Name the 3 types of pathogen microorganisms.
Bacteria, e.g: Tuberculosis (TB). Treated by antibiotics.
Fungi, e.g: Athlete's foot. Treated by anti-fungal medicine and antibiotics.
Viruses, e.g: Common cold. Difficult to treat.
What are the receptors that antibodies attach to on pathogens called?
How come our bodies are able to produce antibodies quicker if the body is reinfected by the same virus?
Because memory cells "remember" the antigens and can detect them. This is natural immunity.
Remember, they remember the antibodies that need to be produced for that specific pathogen, and can produce them at a faster rate.
If >__% of people are vaccinated, then the risk of an unvaccinated person being infected is small.
If >95% of people are vaccinated, then the risk of an unvaccinated person being infected is small.
Why should ill patients continue taking antibiotics as long as the course is prescribed for?
Because there may still be harmful bacteria in the body, which can reproduce.
What is an Open-label trial?
A new drug. Both the doctor and patient are made aware.
What are the advantages and disadvantages of testing human cells grown in the Laboratory?
- Show if drugs are effective.
- Show if drugs will damage cells.
- No people or animals are harmed.
- Don't show effects on whole organism.
- Some say growing human cells is wrong.
What are the advantages and disadvantages of Animal Testing?
- Show if drugs are effective within body conditions.
- Show if drugs are safe for the whole body.
- Animals can suffer and die.
- Animals may react differently to humans.
What are capillaries?
Capillaries allow food and oxygen to diffuse to cells while waste is diffused from cells.
They have walls only one cell thick, that allow them to effectively perform their function.
What has a thin wall and wide lumen? An artery or vein?
A vein has a thin wall and wide lumen.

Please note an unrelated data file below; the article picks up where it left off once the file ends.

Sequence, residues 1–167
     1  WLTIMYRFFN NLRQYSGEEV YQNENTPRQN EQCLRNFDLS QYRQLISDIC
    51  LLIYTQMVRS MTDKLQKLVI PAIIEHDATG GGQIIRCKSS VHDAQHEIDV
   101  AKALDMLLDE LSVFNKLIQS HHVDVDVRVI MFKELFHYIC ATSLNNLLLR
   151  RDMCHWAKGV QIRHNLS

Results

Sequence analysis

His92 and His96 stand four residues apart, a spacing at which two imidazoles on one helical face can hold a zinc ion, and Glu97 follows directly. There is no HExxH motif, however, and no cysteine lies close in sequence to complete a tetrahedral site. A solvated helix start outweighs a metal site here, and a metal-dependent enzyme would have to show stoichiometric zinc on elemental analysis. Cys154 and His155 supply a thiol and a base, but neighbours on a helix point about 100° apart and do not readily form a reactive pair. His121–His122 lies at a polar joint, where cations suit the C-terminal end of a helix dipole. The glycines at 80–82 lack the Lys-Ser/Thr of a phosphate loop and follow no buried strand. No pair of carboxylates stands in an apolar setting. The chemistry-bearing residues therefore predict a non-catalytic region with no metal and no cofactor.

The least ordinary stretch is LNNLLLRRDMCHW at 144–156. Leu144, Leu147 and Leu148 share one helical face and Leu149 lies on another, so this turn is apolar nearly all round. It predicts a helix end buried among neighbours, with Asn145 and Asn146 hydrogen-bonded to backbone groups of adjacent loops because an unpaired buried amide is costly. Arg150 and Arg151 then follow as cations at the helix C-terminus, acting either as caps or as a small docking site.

Blood pressure is given in two numbers:
- A higher number.
- A lower number.
What do these numbers mean?
- The higher number is obtained whilst the heart is contracting.
- The lower number is obtained whilst the heart is relaxing.
If the numbers are high, this can indicate a high risk of heart disease.
Name two ways water is gained.
Water is gained via...
- Food and drinks.
Name three ways water is lost.
Water is lost via...
- Excretion of faces and urine.
What is homeostasis?
The regulation of internal body conditions.
It is controlled via hormones and nervous impulses.
How are our internal blood sugar levels controlled?
- By the release and storage of glucose, which in turn is controlled by the hormone insulin.
How are our internal body temperatures controlled?
- Controlling blood flow to the skin.
Draw the negative feedback diagram for blood water level.
Alcohol causes more/less ADH to be produced.
Alcohol causes less ADH to be produced.
Ectasy causes more/less ADH to be produced.
Ectasy causes more ADH to be produced.
Osmosis then causes the water to leave the blood, causing brain cells to swell and burst.
What are the "Y shaped proteins" which function to identify and help remove foreign antigens or targets such as viruses and bacteria called?
Remember: Every different antibody fits a different antigen.
NICE (National Institute for Health and Care Excellence) are the organisation that decide whether or not to license drugs in the UK.
Discuss the issues that will have to be considered by NICE when deciding whether or not to license a drug which significantly reduces a person's chance of developing heart disease, and has rare but serious side effects.
Level 3 ideas - Ethical/Social arguements
- Opinionated - can not be answered by science.
- Financial pot is a fixed size. Diverting resources from elsewhere.
- Should people who are healthy divert resources from those who are ill?
Level 2 ideas
- How much will it cost?
- Is it right to give the medicine to healthy people?
- Should only people 'at risk' get the drug?
- Lifestyle choices could reduce / affect heart disease.
Level 1 ideas
- [High Level 1] - Benefits outweigh the risks.
- What are the benefits of the drug?
- What are the risks of the drug?
- Does it benefit the majority of people?
What are the stages of drug testing?
- Drug first tested on animals and human skin cells.
- Drug tested for safety only on healthy people.
- Drug tested for safety and effectiveness on ill patient volunteers.
- Drug released and monitored on the market.
Give reasons why some pathogens result in more deaths than others?